Carbon Monoxide from California's Wildfires 2008

June 10, 2009

A large number of wildfires, many of them triggered by powerful lightning storms on June 21, erupted around California over the next several weeks. At their peak, more than 2,000 fires were active, from northern California down to Santa Barbara County. Cumulatively the fires have burned nearly 1,480 square miles (more than 978,000 acres) and destroyed well over 100 homes in what officials have called the largest fire event in California history.

In this animation created with data retrieved by NASA's spaceborne instrument called the Atmospheric Infrared Sounder, or AIRS, on NASA's Aqua spacecraft, we visualize the rapid increases in carbon monoxide (CO) emitted by fires burning in California in June and July 2008. Only the largest values of CO detected by AIRS are shown to highlight the impact of the fires. AIRS primarily observes CO in a layer from 2 to 7 kilometers above Earth's surface. Thus, it tends to see where the wind blows the carbon monoxide and not just the smoke directly above the fires. However, many of these intense fires lofted a significant amount of carbon monoxide directly above the fires, making the hotspots also visible to AIRS.

For example, CO appears over a fire in Butte County on June 11-14, and over the Piute Fire in Kern County on June 23. The most intense CO plumes emanated from the fires in Northern California started by dry lightning on June 20 and 21. The activity of these fires flared again from July 8-10. AIRS can even see the large amount of CO from this smoke filling California's Central Valley during both of these episodes and lingering as seen on July 12.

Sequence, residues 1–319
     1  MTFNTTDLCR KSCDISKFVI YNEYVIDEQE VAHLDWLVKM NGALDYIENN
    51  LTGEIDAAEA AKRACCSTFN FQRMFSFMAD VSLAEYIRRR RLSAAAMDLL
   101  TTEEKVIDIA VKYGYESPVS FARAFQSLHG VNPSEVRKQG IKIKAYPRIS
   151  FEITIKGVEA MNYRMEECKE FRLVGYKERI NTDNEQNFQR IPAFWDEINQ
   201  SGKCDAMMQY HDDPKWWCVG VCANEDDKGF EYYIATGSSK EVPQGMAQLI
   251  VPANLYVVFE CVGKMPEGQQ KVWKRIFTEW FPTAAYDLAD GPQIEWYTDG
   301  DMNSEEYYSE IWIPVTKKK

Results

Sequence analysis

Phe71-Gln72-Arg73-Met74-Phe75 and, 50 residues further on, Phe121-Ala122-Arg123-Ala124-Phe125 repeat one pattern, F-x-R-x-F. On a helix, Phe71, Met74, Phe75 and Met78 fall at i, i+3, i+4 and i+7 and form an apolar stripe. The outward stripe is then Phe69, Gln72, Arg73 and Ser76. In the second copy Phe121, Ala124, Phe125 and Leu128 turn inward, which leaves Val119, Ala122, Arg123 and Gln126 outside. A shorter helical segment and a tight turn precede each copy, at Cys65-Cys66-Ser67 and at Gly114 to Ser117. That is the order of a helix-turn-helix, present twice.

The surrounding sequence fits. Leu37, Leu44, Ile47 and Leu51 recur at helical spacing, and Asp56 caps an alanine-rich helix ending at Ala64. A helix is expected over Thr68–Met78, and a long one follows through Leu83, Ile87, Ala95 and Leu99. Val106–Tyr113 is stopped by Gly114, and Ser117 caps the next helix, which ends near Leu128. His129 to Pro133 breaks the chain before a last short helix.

Although the CO amounts seen by AIRS are not directly harmful, CO along with other chemicals in wildfire smoke can lead to the production of dangerous levels of ozone pollution. Smoke from these fires contributed to severe ozone and particulate pollution in portions of California's Central Valleys during June 22-29 and July 7-10.

The Atmospheric Infrared Sounder (AIRS) in conjunction with the Advanced Microwave Sounding Unit (AMSU) sense emitted infrared and microwave radiation from the Earth to provide a three-dimensional look at Earth's weather and climate. Working in tandem, the two instruments can make simultaneous observations all the way down to the Earth's surface, even in the presence of heavy clouds. With more than 2,000 channels sensing different regions of the atmosphere, the system creates a global, 3-D map of atmospheric temperature and humidity, cloud amounts and heights, greenhouse gas concentrations, and many other atmospheric phenomena. The AIRS and AMSU fly onboard NASA's Aqua spacecraft and are managed by the Jet Propulsion Laboratory, Pasadena, California, under contract to NASA. JPL is a division of the California Institute of Technology in Pasadena.

The AIRS Public Web site can be found at